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One Man Aims to Translate the Web Into Every Major Language

One man is trying to translate the web into every major language, but could this ever include Native American languages?
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Haudenosaunee Youth displaying the Hiawatha Belt, which returned to Onondaga Lake on October 14.

Luis von Ahn is the founder and former CEO of ReCAPTCHA, Inc., and an associate professor of computer science at Carnegie Mellon University.

How is one man going to get 100 million people to translate the web into every major language for free? According to his January 8 post on he is giving them something in return.

Luis von Ahn, the founder and former CEO of ReCAPTCHA, Inc., and an associate professor of computer science at Carnegie Mellon University, recently introduced the world to his newest project—Duolingo, where web users can “learn a language for free, and simultaneously translate the Web.”

But let’s back up a bit; what is CAPTCHA? It’s when you have to type randomly selected characters into a box to access a site. As von Ahn explains in the video below it’s so the computer knows you’re a human, not another computer trying to submit the form millions of times.

What about ReCAPTCHA? This is the concept von Ahn came up with after realizing that 200 million CAPTCHAs are typed every day, and wondering if that time could be put to good use.

Fifteen months after taking office, President William Jefferson Clinton made history by inviting tribal leaders to the White House.

An example of a one-word CAPTCHA

On some sites now, when you see a CAPTCHA there are actually two words: one of them is a word to prove you’re human and the other is a word that a computer translation program had trouble understanding when it scanned it from a book. So, web users are helping digitize books on a number of popular sites including Facebook, twitter and ticketmaster.

Von Ahn took this another step when he asked one of his graduate students how he could get 100 million people translating the web for free. Because more than five million of us have spent more than $500 for language learning software, we want to learn.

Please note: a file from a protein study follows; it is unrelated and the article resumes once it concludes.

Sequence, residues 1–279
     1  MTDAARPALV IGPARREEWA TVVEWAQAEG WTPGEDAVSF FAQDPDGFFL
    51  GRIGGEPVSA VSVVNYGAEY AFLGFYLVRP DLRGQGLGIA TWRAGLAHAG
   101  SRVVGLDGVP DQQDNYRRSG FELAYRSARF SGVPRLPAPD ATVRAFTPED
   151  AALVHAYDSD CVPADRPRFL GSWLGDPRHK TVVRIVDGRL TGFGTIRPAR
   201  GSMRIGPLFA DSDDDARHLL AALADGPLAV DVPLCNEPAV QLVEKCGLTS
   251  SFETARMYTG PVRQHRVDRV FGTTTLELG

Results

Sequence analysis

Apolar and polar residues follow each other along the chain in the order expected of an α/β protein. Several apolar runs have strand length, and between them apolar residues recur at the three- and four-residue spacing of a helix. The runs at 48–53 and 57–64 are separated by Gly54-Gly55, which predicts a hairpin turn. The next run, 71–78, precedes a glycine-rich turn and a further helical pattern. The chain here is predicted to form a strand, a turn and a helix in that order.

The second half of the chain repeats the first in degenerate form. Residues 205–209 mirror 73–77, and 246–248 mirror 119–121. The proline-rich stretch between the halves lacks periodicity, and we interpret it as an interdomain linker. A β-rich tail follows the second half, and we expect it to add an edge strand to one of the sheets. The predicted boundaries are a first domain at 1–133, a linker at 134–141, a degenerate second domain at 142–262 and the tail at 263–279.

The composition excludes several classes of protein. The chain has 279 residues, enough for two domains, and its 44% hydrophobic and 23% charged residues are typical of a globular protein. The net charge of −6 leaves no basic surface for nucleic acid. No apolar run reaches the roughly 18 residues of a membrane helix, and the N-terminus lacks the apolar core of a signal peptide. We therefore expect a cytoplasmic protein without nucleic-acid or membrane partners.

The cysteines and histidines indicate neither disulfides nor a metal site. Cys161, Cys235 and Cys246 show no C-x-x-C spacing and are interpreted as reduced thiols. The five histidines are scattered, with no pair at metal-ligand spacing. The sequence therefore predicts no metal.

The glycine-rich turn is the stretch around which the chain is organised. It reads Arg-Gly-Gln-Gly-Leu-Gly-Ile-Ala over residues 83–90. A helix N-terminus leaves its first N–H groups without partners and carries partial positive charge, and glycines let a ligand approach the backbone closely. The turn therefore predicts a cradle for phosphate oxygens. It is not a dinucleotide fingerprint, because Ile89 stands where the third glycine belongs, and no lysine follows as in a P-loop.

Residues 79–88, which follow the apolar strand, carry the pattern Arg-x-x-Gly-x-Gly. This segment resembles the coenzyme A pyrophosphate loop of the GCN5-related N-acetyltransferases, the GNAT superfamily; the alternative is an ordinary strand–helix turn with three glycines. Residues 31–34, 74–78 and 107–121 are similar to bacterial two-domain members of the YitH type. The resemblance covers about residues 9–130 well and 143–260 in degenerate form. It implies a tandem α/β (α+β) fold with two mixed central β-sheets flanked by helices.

This is where Duolingo comes in. Users are “learning by doing,” von Ahn says in the video. The site gives beginners simple sentences in whatever language they want to learn, and as the user translates them they learn what the words mean and are subsequently given more advanced phrases to translate.

“The crazy thing about this method is it actually, really works,” he says. “People really can learn a language with it and they learn it about as well as the leading language software.”

Another benefit he says, is it’s “way more interesting” because people are “learning with real content.” It’s working for him, on his twitter page on December 21 he posted: “I learned Pronouns: Possessive Accusative in German! via @duolingo.”

Not only will Duolingo help people learn a new language for free, it also provides a fair business model for language education because, as von Ahn points out, right now the student pays. That’s unfair to the poor since about 95 percent of the world’s population can’t afford it.

“Since people are creating value while they are learning they don’t have to pay with their money, they pay with their time,” he says in the video. “The magical thing here is that they are paying with their time but that is time they would have spent anyway learning the language.”

But could von Ahn’s research have any affect on revitalizing Native American languages? ICTMN has contacted him about the possibility of translating the web into languages such as Navajo and Cherokee to find out.

Read Luis von Ahn’s full opinion piece on and visit his new site, to sign up.

See Luis von Ahn’s introduction of Duolingo here: